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Chess program offers opportunities for ICA students

[imagefield_assist|fid=3530|preset=frontpage_200x200|lightbox=true|title=|desc=|link=none|align=left|width=200|height=200]SAINT LOUIS, March 17, 2010 -- Students from the Innovative Concept Academy (ICA) got their first taste of tournament chess this weekend at Lindbergh High School.

The scholastic chess tournament, run by the Gateway Chess League, featured tournament participants that ranged from grades K-12. The students from the ICA were sponsored by the Chess Club and Scholastic Center of Saint Louis, which operates a curriculum-based, in-school program at the school as well as an after-school chess program.

Both programs are designed to engage the students and improve scholastic aptitude in math, science, reading and critical thinking.

The ICA is a collaborative effort between MERS Goodwill, Saint Louis Public Schools and the Saint Louis Juvenile Courts. It is the brainchild of Judge Jimmie Edwards who founded the school as an alternative method of education for at-risk youth. He said this was the first chess tournament he or any of the students had ever attended.

“In fact, some of the children had never ever been out of the city of Saint Louis, so just going to Saint Louis County was a new adventure for some of the children,” Judge Edwards said. “It was an overwhelming success for us.”

School personnel, Judge Edwards, and their coach Bill Thompson accompanied six male students and one female student to the tournament at Lindbergh.

Judge Edwards said the program at the ICA provided by the Chess Club and Scholastic Center of Saint Louis has been well-received by students.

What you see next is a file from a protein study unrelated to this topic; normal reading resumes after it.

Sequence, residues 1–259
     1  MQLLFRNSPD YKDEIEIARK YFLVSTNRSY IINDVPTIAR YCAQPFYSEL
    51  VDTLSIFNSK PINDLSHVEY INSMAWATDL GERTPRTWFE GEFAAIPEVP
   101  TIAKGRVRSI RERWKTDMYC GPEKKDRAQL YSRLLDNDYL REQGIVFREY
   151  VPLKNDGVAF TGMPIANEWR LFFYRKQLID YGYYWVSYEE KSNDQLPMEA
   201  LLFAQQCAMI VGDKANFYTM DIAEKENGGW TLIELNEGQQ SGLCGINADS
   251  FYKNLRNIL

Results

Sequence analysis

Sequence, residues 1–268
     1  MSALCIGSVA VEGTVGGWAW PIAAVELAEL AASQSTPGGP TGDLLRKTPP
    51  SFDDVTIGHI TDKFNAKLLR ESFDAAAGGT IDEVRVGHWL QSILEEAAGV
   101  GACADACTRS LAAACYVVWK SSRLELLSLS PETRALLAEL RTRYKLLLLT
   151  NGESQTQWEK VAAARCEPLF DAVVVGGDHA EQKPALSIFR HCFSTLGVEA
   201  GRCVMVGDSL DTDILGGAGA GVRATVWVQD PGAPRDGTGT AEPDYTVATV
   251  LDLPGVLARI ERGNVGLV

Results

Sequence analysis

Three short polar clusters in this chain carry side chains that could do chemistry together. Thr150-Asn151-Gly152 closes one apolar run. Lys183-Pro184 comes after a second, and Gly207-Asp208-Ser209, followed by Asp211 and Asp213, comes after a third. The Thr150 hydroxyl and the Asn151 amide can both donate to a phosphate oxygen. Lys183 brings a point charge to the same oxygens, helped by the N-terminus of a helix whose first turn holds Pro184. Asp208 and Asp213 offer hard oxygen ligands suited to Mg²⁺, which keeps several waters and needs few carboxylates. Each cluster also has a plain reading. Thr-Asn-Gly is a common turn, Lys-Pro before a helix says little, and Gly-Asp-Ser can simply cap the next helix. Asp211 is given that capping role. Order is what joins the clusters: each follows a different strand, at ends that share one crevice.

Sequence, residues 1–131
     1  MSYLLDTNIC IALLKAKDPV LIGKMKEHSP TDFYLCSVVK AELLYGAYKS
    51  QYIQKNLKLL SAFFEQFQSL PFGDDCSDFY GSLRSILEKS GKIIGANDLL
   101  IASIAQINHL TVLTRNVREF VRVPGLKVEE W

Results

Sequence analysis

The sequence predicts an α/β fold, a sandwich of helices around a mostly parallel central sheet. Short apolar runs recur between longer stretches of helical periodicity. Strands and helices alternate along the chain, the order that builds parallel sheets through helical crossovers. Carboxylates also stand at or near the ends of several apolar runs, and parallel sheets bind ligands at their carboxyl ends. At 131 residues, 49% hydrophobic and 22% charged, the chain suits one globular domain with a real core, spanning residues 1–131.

“We’re excited about the fact that it’s a part of our curriculum,” he said.

The school, located in the old Blewett school building at 1927 Cass Avenue in Saint Louis, stresses a creative and engaging learning environment designed to attract the interest, and keep the attention, of students who have been in trouble with the law or who have previously demonstrated a reluctance to classroom engagement.

Although the chess program has only been up-and-running since early January, Edwards said there are already more than 40 students at the school with a firm understanding of the game.

“And that’s just the tip of the iceberg,” he said. “Bill [Thompson] gets the credit for this. He has molded those children; he has molded their minds; he has gotten them interested. In just 2 ½ months … it’s an absolutely amazing accomplishment.”

Thompson became a full-time employee at the Chess Club in November, with primary repsonsibility for instruction and curriculum development at the ICA under the direction of Matt Lodge, the scholastics director for the Chess Club.

“For all these students, it gives them confidence,” Thompson said. “They learn a new skill, which is probably something that they didn’t know they could learn, and with that confidence they start to gain self-respect. Once they have the confidence and the self-respect ... they start demonstrating that in their behavior.” 

Students benefit from a five-day-a-week, hour-long class where they learn the basics of chess along with critical thinking skills. The after-school program is available for high-school and middle-school students to practice and hone their chess abilities.

Judge Edwards said one student who traveled to the tournament over the weekend came to the ICA with a particularly difficult disposition. Over the past few weeks, he said, the chess program changed that student’s entire attitude and outlook. 

“One year ago this would not have a happened,” Judge Edwards said. “First of all, we would not have had him in school. Secondly, he would not have been in a chess program. But thirdly, what chess has taught the children is to be humble, to be respectful of your opponent, and it has given them the urge to continue to get better.”

Edwards said this tournament in particular gave the kids some incentive to continue to play the game, and he hopes to organize more tournaments at the ICA in the near future.

“They did a tremendous job at the tournament,” Thompson said. “They competed, showed sportsmanship and showed character.”